Pink Floyd was my band. For many years I listened to everything they had produced. From the studio recordings to the rare gig bootlegs. The song Echoes was my favourite. In general, if Pink Floyd were a band whose emphasis was on vocals, I’d likely not have gravitated toward them. While the lyrical quality was profound at times, the vocals themselves were unique, but not stellar. Why I liked Pink Floyd was the instrumentals.
I went through a phase where I collected as many rare live recordings as possible. There are thousands out there. I focused on collecting as many versions of Careful with that Axe, Eugene and Echoes as I could. What struck me the most was every version I obtained was different. Some varied only subtly, while others seemed to only share a common foundation. In some cases, the recordings varied in time by minutes. Each variant was brilliant in its own right. Each could easily have been turned into a studio track.
I thought that the art of an extended instrumental piece was lost. I’d listened to many attempts by bands who characterise themselves as ‘post rock’, and posited lengthy instrumental pieces. They did have their moments, but largely, they sounded pretentious. It was quite recently that I happened to come across a band on SoundCloud that had a really killer logo. Blobs of colour, an eye, and globular letters. I looked at the song titles. Lucid Hallucinations. Medusa. They had the art. They had the psychedelic song titles. But, I’d come across this more than once in the past. Often, the names and the art did not mesh with the vibe of the sound. I listened.
Medusa. At the three minute and fifty-eight second mark the tempo of the guitar slowed and a distinctive organ sound played. I stopped whatever I was doing on my phone and just listened. I was, needless to say, blown away. There was something ageless about the sound. It was a song that took me on a journey. From its vocal heavy beginnings through some impressive guitar, and now…this. I can’t even explain why I liked it so much. But, isn’t that the sign of good music? If you can explain it, others can reproduce it. A true song cannot have the feel reproduced. It is locked in the track. It is unique. This was Medusa.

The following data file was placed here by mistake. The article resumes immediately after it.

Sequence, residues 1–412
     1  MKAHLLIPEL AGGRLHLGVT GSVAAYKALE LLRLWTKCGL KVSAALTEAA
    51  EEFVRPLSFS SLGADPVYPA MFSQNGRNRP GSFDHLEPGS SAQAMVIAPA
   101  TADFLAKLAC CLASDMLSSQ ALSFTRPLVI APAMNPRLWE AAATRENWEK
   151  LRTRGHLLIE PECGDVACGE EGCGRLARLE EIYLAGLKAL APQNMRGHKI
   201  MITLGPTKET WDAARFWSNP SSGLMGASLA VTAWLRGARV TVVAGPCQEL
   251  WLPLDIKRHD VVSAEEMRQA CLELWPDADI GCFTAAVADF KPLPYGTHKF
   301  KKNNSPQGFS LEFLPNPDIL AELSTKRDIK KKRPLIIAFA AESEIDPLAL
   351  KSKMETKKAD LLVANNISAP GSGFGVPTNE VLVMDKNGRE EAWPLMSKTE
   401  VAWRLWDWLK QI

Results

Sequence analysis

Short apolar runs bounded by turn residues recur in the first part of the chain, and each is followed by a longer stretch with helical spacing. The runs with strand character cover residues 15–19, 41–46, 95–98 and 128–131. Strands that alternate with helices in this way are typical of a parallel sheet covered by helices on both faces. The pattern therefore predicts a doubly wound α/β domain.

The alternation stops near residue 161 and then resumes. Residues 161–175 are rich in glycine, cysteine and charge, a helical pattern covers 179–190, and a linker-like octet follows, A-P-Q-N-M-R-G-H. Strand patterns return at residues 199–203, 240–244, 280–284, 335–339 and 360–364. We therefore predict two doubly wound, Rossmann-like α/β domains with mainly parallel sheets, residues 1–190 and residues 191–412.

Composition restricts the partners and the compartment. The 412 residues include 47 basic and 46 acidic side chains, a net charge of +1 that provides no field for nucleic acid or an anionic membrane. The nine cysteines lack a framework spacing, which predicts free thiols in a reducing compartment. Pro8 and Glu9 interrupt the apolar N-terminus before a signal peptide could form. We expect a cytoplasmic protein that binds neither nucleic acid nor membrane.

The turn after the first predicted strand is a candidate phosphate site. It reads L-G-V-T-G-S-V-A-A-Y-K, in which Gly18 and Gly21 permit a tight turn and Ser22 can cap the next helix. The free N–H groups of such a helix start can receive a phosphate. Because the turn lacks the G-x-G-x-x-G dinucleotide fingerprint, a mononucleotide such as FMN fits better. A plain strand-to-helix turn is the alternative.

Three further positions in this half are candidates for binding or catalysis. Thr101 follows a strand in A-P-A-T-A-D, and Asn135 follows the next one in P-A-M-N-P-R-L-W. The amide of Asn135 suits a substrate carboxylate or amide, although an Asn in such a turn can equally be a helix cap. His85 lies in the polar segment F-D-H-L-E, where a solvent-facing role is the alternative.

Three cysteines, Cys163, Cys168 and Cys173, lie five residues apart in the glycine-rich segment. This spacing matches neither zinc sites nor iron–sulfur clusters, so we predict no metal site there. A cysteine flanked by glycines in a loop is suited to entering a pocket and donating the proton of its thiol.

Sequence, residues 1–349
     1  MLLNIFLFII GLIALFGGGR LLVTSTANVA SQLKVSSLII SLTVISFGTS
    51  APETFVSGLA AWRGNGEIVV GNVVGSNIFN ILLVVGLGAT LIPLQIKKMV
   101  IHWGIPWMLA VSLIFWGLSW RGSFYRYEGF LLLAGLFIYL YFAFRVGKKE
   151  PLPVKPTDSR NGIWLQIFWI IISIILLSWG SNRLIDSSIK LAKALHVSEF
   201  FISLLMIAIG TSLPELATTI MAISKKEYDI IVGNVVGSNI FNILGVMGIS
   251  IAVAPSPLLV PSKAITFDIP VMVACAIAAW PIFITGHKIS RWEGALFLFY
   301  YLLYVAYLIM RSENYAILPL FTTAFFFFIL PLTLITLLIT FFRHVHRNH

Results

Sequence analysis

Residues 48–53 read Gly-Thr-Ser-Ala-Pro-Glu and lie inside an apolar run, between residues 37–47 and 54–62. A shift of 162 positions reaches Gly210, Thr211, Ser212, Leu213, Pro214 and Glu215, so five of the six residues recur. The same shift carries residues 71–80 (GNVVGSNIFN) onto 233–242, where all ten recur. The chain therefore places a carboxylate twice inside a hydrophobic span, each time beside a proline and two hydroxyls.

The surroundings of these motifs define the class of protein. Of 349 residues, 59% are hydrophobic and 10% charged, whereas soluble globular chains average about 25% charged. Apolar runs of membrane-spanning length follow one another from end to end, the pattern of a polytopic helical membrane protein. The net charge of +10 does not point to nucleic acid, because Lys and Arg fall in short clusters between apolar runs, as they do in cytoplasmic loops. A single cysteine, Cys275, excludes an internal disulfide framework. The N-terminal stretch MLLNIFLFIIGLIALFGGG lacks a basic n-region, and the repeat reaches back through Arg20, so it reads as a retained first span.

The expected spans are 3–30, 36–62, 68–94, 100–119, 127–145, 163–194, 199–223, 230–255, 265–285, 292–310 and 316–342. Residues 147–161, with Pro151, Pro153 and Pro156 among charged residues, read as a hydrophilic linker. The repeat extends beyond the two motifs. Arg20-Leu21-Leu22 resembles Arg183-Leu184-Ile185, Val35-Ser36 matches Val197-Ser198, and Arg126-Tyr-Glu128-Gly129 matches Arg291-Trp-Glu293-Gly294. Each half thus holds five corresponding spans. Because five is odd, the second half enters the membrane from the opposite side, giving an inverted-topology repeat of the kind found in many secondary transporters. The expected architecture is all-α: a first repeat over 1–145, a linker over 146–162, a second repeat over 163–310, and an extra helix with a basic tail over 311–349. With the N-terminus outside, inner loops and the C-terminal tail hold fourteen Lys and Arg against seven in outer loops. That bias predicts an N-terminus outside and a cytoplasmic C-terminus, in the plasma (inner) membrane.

The band was Psyence. I listened to Medusa several times, finding more subtle qualities to the music with each listen. I wrote down positions in the song that struck me until it became to numerous to record. I tossed away the paper and just listened. In Stoke-on-Trent there were five musicians who had done what I thought to be impossible. They produced a sound in the spirit of the old psychedelic bands, but they did not copy. This sound was unique. It harboured all these gems that made it indescribable.
I let all the tracks play through. Over and over. Unlike so many bands who excel at a particular aspect (stellar guitar work, lyrics, vocals), Psyence embodied all and melted them together. The lyrics and the vocals supported the underlying music. The music extended the lyrics and vocals. Truly amazing. Listening to Psyence, I have hope that I’ll one day collect rare gig bootleg recordings from them; I’ll compare the instrumentals on Medusa and find those little nuggets of goodness; those moments where the band is feeling the music at a gig and takes it further. It makes the piece unique to the moment alone. This is music.
A lot about music has changed since the days of my old friend Pink Floyd. More than ever, musicians on popular radio are ‘created’. The person performing is doing just that. Performing. They are actors. But, these actors are the few, and the creators, like Psyence, are the many. Music does not need saving. It is all there. The musicians have done their part. We just need to turn our heads and listen in the right direction.
Psyence – Medusa
Psyence – Lucid Hallucinations
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